Review–Computer Science for Kids

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Computer Bible Games for Microsoft Small Basic is a self-paced tutorial course. It is designed to help teach students programming concepts using Microsoft Small Basic.  There are 13 chapters within this tutorial. The first ten are exactly the same as the first ten chapters of Beginning Microsoft Small Basic. The last three chapters deal with writing code for classic Computer Bible Games that students can program and play in Microsoft Small Basic.

This tutorial will teach students about program design, text window applications, graphics window applications and many other elements of Small Basic language. There are many visual examples included throughout the tutorial so the student knows exactly what to look for while writing their code.

ClarkClan Experiences

We used this program exclusively with Benjamin, who is 11. He was very, very, excited to be able to take a programming class. I think he was most excited that he got to work exclusively with Dad for this program.

So this review is my observations of watching my husband work with my son, using the Microsoft Small Basic program and the Computer Bible Games Tutorial.

They worked exclusively on my HP laptop computer while using on this program. My husband, Matt, started out by printing out the lessons and putting them in three ring binder. Then he and Ben sat down and started the first lesson. Because Ben is 11, Matt broke  each lesson into two sessions a week, each about an hour and a half to two hours long.  The first lesson consists of a short history behind computers and computer programming language. Matt and Ben had a great time discussing the history. Matt was able to bring his childhood into the lesson as he could tell Ben about using this computer or that one while growing up and helping his dad at the family store. The second day of lesson 1 involved downloading and installing Small Basic.

Each lesson went in about the same manner as the first. Matt and Ben would sit down at the table with the computer, open the binder with the printed tutorial, and start following the lesson. The lesson begins with an overview, then the meat of the lesson and finally a summary.

Matt and Ben were able to work through lesson 5 during the review period. Here are some  thoughts from Matt about the tutorial.

“This program was very well laid out and easy to implement. While I sat with Ben for each lesson, he was able to read and understand the lessons on his own. Being able to see on paper, exactly what Ben would see on the computer was the main reason Ben could be successful using the program.”

I, Mom, was impressed at how much Ben learned and used during this review. He must have been hungry for computer knowledge, because he talked about it during the week and even went back to the programs he wrote and used them again and again.

One of the programs he wrote was a savings calculator. I laugh every time I see Ben go to the computer, open up that program  and then come tell me how much money he will have in 6 months if he saves x number of dollars each month. 


I would recommend this program to anyone. I think it is a great program for both kids who know a little about computer programming and kids who do not even realize computers need a specific language to work (like my daughter). We will be continuing with this course until the end of the book as Ben was really enjoying himself and looking forward to learning more.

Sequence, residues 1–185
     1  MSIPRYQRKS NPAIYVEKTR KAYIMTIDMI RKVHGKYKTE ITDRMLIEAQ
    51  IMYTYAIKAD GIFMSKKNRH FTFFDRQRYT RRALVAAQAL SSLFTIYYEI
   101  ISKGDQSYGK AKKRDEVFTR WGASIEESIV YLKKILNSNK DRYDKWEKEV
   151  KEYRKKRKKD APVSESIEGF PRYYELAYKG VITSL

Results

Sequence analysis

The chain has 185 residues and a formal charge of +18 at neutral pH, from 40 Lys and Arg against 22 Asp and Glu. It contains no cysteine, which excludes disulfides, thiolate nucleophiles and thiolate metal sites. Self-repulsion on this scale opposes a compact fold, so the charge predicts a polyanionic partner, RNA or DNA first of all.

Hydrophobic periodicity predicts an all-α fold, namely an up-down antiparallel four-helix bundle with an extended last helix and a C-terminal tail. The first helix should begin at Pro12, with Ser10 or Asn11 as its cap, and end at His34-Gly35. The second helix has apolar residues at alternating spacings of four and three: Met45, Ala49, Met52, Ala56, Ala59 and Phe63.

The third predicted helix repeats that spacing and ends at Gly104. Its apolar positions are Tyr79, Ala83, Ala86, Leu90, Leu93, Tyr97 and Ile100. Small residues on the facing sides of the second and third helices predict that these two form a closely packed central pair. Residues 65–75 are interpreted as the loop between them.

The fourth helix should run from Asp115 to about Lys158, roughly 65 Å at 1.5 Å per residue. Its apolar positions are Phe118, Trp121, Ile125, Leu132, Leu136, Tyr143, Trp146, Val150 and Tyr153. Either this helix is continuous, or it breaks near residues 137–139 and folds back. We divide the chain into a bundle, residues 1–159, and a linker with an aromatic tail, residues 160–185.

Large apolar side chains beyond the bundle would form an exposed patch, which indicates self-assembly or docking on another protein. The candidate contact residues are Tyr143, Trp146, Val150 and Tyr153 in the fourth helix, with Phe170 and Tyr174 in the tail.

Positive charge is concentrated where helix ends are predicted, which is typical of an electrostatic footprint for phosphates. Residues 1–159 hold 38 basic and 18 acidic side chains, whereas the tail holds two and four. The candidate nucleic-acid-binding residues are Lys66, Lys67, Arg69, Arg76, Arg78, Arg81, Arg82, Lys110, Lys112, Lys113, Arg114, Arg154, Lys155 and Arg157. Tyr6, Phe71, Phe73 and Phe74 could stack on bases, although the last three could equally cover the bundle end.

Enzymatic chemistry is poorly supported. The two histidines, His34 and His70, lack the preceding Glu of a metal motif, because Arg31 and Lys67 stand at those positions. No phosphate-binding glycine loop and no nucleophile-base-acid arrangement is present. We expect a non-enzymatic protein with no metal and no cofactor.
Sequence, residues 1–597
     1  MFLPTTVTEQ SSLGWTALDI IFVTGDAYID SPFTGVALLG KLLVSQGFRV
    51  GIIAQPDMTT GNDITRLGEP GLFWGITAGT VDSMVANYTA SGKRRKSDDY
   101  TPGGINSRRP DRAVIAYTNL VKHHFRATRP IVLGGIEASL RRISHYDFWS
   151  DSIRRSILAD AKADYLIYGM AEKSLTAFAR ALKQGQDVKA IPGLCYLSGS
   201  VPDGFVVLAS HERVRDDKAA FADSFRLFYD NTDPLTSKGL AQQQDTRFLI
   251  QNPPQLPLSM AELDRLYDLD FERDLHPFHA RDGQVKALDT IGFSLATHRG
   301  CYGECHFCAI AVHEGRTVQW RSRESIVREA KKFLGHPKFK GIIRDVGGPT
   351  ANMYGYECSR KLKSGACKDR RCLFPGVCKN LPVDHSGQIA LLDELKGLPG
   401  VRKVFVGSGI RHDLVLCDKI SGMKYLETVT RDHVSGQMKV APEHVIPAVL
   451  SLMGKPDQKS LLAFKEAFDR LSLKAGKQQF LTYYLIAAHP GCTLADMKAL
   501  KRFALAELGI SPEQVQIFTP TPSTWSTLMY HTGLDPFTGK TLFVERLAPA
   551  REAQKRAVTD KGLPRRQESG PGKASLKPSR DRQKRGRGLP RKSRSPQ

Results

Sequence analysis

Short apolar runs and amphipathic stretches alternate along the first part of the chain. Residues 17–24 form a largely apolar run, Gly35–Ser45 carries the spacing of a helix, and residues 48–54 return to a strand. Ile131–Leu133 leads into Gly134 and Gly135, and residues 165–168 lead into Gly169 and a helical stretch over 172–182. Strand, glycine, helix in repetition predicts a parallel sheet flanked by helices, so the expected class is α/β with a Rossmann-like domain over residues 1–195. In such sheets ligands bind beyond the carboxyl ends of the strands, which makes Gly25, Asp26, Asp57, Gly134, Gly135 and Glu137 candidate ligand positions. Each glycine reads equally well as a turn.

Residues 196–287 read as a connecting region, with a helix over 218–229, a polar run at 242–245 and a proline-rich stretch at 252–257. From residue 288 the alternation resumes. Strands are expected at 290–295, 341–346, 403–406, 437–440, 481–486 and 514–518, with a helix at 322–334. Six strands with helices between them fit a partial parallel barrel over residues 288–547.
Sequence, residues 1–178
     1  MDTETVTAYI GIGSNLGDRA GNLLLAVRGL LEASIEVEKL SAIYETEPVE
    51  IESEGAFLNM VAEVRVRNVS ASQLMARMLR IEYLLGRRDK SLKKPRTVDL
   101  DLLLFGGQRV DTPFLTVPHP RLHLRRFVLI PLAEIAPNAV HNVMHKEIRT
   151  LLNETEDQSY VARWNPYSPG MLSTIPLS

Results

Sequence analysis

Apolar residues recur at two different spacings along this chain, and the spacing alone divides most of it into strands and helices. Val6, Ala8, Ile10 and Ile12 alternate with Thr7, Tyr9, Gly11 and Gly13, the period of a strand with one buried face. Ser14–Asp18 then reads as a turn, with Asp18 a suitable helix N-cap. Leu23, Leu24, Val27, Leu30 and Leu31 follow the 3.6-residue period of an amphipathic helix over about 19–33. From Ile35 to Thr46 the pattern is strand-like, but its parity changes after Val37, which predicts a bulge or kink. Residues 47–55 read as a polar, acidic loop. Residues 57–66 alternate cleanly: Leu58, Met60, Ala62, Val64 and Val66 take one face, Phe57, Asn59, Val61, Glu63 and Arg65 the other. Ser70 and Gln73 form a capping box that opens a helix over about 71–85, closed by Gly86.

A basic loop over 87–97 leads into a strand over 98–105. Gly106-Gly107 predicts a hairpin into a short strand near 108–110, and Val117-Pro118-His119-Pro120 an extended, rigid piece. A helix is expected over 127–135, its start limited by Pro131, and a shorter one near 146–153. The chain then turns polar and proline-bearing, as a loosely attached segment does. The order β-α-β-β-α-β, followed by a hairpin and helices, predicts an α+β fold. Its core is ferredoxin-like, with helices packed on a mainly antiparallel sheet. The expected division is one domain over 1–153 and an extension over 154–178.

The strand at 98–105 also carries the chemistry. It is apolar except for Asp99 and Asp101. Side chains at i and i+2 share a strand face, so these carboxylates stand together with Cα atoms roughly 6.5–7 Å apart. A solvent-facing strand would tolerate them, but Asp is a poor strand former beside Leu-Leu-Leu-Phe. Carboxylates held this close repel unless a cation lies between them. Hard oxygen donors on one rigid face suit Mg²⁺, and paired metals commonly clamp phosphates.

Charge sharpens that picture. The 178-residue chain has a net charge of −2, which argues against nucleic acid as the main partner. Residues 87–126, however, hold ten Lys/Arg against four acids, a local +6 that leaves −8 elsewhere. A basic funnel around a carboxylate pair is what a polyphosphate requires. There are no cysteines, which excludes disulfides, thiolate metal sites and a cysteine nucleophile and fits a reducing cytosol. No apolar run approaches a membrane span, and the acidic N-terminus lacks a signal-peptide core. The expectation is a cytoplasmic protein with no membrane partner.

Many of my Schoolhouse Review Crew Mates also reviewed this program as well as Beginning Microsoft Small Basic. Visit the Crew Blog to read their reviews.

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Friday, April 5, 2013

New Sink

We bought our house last November. When we moved in, we knew we were going to need a new kitchen sink. The previous homeowner had totally ruined the sink. There were cigarette burns all around the edge, there was a crack at the top on one side. But the worst part of all was the finish on the bottom was completely ruined. It was rough, pitted and stained a blackish color.

Because of holidays, company, lots of sickness since November we have not had time or the money to replace the sink quickly as originally planned. But, this week was the week. Matt and I went to the home improvement store and picked out our new kitchen sink. I originally thought I wanted a granite composite sink. These look nice, but are a little expensive. So we looked back to the stainless aluminum. We found a sink we wanted, large single sink instead of a double. It was a whole sink “kit” which included the sink, the faucet and all hardware needed. By going this slightly cheaper route, we were able to buy a nicer disposal. I am totally amazed at how quiet the disposal is. Quite a change from the last one.

From This


To This!


Monday, April 1, 2013

Easter 2013

Easter is always a busy busy day for me. Being the church youth group leader means that I am in charge of the Easter Breakfast. I also play in the bell choir and sing in the vocal choir, both of which were performing on Easter. But despite running around like a chicken with my head cut off, it was a very nice Easter Sunday. The only thing that was missing was Matthew. He is visiting his fiancé and so was not here.

We had a very nice dinner with family and friends on Easter. It was the first holiday dinner we have been able to host in our new house. What a fun, relaxing time as all we did was eat and sit around and talk and laugh. The kids spent most of the day outside in the sunshine playing all sorts of games.


Aren’t We Sweet picture!






Let’s Be Silly picture!







Sarah almost 16, only 27 more days!









Benjamin at 11!









Rebekah at 9!